Communicable disease instances require special consideration than the common catastrophes (e.g., earthquakes, fires, storms, floods) that result in physical damage to property and assets. Most organisations would have a traditional business plan, but it is prudent to assess whether the same plan can be adapted, or a new design would be required to mitigate COVID-19 and similar situations. Even though, majority of companies have implemented a forced work from home, having this infrastructure/ plan in place will help when the situation eases.

Employee health and wellbeing

Here are key factors that employers should consider:

  • Personal hygiene – Even at the workplace, employers should ensure that they are providing employees with a functional ecosystem where they are able to practice the safety and personal hygiene measures recommended by the national and local public health authority. Whether it is being reminded about personal hygiene etiquettes or maintaining social distancing through educational posters and emailers, providing an alcohol-based hand rub or soap, or the necessary support system to maintain hygiene, every step should be taken by employers to follow clear guidance from public health authorities. Employers need to continue communicating with employees to maintain this at home as well and treat this as a non-negotiable.
  • Employee assistance arogram (EAP) – Irrespective of whether an employee or family member is sick, COVID-19 is creating widespread anxiety and turmoil. Many employers offer mental health support resources, and now is the time to continue to communicate the support available through an EAP or other emotional wellbeing program like telemedicine. EAPs should offer 24/7 access to qualified resources who can help employees and family members on mental health issues. Also, seek regular feedback, so that employees’ responses and challenges can be gauged on a regular basis. Employers should also consider using emergency response systems to communicate in real time with onsite and remote workers.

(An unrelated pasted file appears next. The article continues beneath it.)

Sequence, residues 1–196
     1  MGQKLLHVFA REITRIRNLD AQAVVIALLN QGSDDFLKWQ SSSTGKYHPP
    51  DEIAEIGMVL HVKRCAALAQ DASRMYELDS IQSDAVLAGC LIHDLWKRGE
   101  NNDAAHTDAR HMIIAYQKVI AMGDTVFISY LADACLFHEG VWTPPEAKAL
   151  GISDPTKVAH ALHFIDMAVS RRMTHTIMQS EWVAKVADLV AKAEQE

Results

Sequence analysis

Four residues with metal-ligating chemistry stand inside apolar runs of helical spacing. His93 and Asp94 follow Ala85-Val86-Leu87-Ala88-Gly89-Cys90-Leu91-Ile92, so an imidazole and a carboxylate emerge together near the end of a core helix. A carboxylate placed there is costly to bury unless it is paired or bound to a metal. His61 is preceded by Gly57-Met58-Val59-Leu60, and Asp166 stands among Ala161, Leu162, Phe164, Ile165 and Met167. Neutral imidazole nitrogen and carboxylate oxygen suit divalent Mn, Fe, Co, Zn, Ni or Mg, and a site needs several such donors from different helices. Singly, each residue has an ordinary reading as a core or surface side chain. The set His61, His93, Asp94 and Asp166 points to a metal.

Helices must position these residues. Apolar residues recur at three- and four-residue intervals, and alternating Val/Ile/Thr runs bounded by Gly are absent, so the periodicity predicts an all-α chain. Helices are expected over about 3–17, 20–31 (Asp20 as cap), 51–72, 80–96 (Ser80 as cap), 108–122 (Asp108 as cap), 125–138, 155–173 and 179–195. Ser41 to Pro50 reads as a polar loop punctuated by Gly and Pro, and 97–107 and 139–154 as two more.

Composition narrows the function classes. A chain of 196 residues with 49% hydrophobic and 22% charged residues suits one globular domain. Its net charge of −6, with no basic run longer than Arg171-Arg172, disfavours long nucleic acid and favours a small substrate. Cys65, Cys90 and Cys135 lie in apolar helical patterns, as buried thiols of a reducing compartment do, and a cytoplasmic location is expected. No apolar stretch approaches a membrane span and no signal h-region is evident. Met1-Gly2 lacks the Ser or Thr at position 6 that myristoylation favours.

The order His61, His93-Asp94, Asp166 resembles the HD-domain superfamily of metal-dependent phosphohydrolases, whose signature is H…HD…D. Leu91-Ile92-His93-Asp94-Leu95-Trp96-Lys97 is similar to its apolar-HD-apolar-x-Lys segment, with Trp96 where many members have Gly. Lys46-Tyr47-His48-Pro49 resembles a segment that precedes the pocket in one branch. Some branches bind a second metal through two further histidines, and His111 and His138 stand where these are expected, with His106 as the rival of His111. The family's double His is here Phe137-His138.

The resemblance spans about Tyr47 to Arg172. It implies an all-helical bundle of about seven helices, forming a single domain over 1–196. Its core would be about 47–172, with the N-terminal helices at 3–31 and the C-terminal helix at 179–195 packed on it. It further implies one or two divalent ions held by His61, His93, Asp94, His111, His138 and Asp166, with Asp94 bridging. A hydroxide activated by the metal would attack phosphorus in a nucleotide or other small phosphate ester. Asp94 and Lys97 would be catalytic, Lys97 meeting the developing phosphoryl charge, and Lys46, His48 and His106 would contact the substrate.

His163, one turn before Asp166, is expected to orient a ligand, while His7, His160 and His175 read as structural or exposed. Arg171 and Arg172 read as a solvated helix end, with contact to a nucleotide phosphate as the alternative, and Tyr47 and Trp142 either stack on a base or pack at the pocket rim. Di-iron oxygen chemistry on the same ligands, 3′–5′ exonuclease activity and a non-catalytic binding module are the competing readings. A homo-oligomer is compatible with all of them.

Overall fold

• Financial wellbeing – It is important for employers to understand that COVID-19 is already causing an adverse impact on the global economy which is bound to have an impact on India’s economy at least in the short term, and hence on individual investments.
    The financial market volatility may increase employee anxiety and impact overall productivity. Providing employees access to qualified financial planners who are able to help the employees with information and counsel on managing their finances will help employees address the stress and go a long way in showing that employers care.
  • Social responsibility – In highly communicable instances like this where the risk carriers themselves are humans, appropriate social etiquette like social distancing needs to be strictly followed. While governments and law enforcement authorities take the necessary measures, given the influence the employers have, they too have a role in reiterating that message. Employers need to keep reminding employees about social distancing, following government guidelines in case of symptoms, discourage them from hoarding essentials like masks and sanitisers and encouraging them to stay home. In case of business or personal travel, advice employees to follow advise of government, local authorities and employers.